Lampedusa, Italy – More than 2,000 people and 289 children have died in 2023 trying to cross the Mediterranean Sea in search of safety and a future in Europe. Many of those who survive the journey land on the Italian island of Lampedusa.
Conditions in the island’s reception centre are said to be dire year-round as the arrivals continue, far outpacing the facility’s design and infrastructure.
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In September, conditions were stretched seemingly beyond breaking as a significant uptick in arrivals was noted. Many had departed from Tunisia to cross the Mediterranean.
European policy towards migration so far has been to close borders and push refugees and asylum seekers back beyond the bloc’s frontiers, such as the longstanding agreement between Italy and Libya.
In July, a new pact on migration was announced between the EU and Tunisia’s President Kais Saied. Under its terms, Tunisia was promised 900 million euros ($944m) to support its faltering economy and invest in renewable energy and youth.
Earmarked within this was some 100 million euros ($105m) to bolster its border security along the lines of “shared priorities of combating irregular migration”.
The misery of the situation in Lampedusa was all but acknowledged by Italian Prime Minister Giorgia Meloni and European Commission President Ursula von der Leyen – two of the agreement’s principal architects – who visited it in mid-September to announce the launch of a 10-point plan they hoped would ease the strain.
Between September 12 and 15, the days immediately prior to von der Leyen and Meloni’s visit, Lampedusa saw 11,000 arrivals, mostly of sub-Saharan Africans who had departed from Tunisia’s second city of Sfax.
According to refugees and migrants Al Jazeera spoke to, the Tunisian Coast Guard had let them pass with no difficulty, while local smugglers had also asked for less than in previous months to pay for their passage.
“I tried to reach Italy four times but, so far, there’s been a lot of Tunisian Coast Guard at sea, both they and Tunisian fishermen tried to stop the boats that had Black people in them, but this time it was easier to leave. There were only two Tunisian patrol boats, and they let us pass.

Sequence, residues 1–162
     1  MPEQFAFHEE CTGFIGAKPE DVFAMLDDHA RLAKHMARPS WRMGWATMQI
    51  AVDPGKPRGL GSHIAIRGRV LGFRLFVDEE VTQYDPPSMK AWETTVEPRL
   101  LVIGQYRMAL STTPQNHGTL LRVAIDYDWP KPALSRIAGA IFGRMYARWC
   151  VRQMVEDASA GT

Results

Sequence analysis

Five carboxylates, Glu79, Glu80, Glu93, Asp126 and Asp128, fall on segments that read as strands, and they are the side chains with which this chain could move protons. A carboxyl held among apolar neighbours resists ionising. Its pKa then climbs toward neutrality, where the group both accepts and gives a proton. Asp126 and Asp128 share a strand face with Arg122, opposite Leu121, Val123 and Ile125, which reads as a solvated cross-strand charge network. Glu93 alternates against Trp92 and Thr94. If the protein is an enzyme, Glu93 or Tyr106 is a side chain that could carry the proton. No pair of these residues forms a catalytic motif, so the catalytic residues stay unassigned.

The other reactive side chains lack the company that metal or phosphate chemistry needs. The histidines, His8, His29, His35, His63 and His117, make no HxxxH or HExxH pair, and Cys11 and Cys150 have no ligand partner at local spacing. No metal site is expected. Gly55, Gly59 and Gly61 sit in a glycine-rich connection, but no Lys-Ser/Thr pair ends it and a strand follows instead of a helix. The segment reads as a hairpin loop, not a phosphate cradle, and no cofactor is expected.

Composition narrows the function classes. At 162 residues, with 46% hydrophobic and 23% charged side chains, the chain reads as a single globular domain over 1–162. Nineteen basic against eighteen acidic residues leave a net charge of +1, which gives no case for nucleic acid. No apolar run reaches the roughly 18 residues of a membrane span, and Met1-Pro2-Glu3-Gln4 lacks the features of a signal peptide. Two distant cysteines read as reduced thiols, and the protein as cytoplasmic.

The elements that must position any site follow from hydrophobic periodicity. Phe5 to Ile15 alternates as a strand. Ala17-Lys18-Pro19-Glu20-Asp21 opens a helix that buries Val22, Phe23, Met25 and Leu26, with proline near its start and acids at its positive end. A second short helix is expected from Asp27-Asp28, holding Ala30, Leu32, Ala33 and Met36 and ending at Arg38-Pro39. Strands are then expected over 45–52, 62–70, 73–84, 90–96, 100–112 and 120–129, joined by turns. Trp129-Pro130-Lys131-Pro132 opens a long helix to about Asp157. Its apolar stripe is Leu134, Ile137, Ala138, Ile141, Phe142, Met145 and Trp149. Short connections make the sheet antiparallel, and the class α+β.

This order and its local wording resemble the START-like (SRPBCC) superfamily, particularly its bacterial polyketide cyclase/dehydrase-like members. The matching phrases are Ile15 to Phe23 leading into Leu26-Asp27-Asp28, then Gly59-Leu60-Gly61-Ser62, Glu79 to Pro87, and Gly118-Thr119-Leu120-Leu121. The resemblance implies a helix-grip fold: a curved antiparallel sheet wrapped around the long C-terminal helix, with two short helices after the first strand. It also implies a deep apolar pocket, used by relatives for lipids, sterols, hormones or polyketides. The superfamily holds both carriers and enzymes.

“This time I paid 1,500 euros ($1,580) to cross, even though the other times I paid more,” recounted Emmanuel, a 19-year-old from Cameroon.
Heaping pressure on Lampedusa, to what end?
Nevertheless, though the relative relaxation in border security appears new, the racial hierarchies that govern Tunisia’s policing of migration remain. Many Black arrivals on Lampedusa speak of being attacked by either the Tunisian coastguard or fisherfolk, who would pull up alongside their boats to steal their engines or try to sink them while letting Tunisian asylum seekers on similar boats pass undisturbed.
According to Mohammed, a Tunisian teenager who arrived in Lampedusa in early August: “I’ve seen Tunisian fishermen stealing the engines from the boats with sub-Saharan Africans on board, leaving them adrift. The coastguard will pick them up and bring them back too. For us Tunisians, it is easier to leave, but for Black people, it is really difficult.”
Tensions between Tunisians and the Black refugees and migrants who wait in Tunisia for a boat to Europe have been high since Saied made an inflammatory speech in February, claiming that the sub-Saharan arrivals were part of a wider plot to “replace the Tunisian population”.
However, while the racist violence that exploded on the heels of that speech calmed, in Sfax, one of the principal rallying points for people seeking new lives in Europe, they remained, exploding once more after the death of a local man during confrontations with Black asylum seekers in July.